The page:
Transport for London (TfL), the regulator of taxi and private hire services in the UK capital, said on Monday that it would not grant Uber a new private hire operator's license due to safety reasons.
Uber's existing license in London expires by the end of Monday. According to legislation, Uber now has 21 days to appeal, during which it can continue to operate until any appeal processes have been exhausted or withdrawn.
In a statement, TfL identified a pattern of failures by Uber, including several breaches that placed passengers and their safety at risk.
Helen Chapman, director of licensing, regulation and charging at TfL, said: "Safety is our absolute top priority. While we recognize Uber has made improvements, it is unacceptable that Uber has allowed passengers to get into minicabs with drivers who are potentially unlicensed and uninsured."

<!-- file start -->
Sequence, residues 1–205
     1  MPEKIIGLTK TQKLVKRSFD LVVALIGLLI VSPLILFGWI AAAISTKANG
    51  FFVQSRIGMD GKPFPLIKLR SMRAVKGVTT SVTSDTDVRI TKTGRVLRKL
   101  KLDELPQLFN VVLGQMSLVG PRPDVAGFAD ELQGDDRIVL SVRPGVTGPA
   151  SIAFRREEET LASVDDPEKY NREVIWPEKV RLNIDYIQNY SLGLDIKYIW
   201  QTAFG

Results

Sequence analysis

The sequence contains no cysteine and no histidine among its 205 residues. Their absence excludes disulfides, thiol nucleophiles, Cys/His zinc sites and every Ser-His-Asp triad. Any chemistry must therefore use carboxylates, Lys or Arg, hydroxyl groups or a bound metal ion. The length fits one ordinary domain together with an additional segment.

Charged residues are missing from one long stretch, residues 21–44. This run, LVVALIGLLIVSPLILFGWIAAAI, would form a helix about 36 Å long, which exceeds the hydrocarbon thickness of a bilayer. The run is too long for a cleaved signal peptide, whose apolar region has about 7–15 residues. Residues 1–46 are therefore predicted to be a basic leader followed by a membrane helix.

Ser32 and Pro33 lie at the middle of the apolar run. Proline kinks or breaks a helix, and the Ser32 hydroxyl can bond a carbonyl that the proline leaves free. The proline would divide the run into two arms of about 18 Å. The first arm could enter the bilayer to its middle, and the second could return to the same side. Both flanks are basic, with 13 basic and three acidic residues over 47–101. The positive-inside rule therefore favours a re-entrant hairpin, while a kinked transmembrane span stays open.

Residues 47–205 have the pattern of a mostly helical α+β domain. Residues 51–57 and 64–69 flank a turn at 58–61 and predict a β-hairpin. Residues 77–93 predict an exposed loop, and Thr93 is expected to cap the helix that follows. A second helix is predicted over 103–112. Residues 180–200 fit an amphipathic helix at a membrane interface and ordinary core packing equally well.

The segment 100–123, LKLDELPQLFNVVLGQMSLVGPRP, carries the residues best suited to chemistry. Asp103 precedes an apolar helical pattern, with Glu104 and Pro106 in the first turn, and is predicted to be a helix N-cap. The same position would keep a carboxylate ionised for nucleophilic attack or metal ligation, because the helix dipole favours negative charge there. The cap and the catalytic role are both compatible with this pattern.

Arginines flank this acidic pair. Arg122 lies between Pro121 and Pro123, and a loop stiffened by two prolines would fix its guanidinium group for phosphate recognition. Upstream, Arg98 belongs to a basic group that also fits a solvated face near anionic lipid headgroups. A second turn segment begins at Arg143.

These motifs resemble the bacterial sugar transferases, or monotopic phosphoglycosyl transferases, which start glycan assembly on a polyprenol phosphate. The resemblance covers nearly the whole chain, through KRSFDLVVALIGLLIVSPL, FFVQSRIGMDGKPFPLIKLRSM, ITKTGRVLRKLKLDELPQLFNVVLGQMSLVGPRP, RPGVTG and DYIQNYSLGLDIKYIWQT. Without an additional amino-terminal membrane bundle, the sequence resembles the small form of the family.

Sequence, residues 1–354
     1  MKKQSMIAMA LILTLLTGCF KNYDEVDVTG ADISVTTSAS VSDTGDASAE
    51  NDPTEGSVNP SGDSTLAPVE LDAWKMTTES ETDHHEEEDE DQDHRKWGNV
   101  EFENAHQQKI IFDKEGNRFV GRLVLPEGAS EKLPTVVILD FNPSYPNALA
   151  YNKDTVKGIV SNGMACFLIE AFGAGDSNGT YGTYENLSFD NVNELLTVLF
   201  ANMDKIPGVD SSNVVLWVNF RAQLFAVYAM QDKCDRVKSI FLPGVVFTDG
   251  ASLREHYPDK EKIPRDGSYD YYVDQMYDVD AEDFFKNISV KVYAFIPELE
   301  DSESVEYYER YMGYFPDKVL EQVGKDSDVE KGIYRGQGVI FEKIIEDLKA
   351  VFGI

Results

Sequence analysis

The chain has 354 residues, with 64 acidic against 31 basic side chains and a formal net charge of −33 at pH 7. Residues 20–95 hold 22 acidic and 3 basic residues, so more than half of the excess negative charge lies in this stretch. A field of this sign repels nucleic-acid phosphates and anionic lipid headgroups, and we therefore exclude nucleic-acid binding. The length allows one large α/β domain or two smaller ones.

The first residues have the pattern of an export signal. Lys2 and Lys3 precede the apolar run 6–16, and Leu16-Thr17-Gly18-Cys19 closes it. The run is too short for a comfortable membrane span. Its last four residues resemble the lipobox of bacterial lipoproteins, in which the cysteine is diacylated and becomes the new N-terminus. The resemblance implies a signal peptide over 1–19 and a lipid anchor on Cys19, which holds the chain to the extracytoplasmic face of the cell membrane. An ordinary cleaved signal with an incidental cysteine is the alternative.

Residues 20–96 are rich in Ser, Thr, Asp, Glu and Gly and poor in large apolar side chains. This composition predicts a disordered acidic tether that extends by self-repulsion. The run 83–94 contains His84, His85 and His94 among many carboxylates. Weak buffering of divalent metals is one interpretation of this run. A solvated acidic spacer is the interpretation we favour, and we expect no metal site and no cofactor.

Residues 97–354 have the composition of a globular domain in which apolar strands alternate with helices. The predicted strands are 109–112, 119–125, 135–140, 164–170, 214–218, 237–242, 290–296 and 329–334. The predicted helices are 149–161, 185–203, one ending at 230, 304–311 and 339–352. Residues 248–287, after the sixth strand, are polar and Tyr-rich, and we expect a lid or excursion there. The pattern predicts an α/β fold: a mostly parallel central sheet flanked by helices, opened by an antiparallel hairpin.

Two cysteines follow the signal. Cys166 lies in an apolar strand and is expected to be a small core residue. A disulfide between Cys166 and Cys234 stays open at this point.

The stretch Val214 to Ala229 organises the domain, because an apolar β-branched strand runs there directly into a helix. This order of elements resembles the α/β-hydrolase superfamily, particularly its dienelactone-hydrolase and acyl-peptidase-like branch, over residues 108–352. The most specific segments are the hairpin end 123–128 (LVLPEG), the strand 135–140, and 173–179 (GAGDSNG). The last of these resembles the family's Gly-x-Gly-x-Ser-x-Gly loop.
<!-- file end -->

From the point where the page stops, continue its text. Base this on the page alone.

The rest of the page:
Mayor of London Sadiq Khan supported the TfL decision, saying, "Only in the last few months it has been established that 14,000 Uber journeys have involved fraudulent drivers uploading their photos to other drivers accounts – with passengers' safety potentially put at risk."
"I know this decision may be unpopular with Uber users, but their safety is the paramount concern," he added.
Uber said TfL's decision is "wrong" and that it will appeal. In a letter to its users, Uber said: "Over the last two years we have fundamentally changed our business, and TfL found us to be a fit and proper operator just two months ago. 3.5 million riders who rely on Uber in London can continue to use the app as normal."
There are about 45,000 licensed drivers working for Uber in London. If Uber's appeal is failed, all of them could lose their jobs.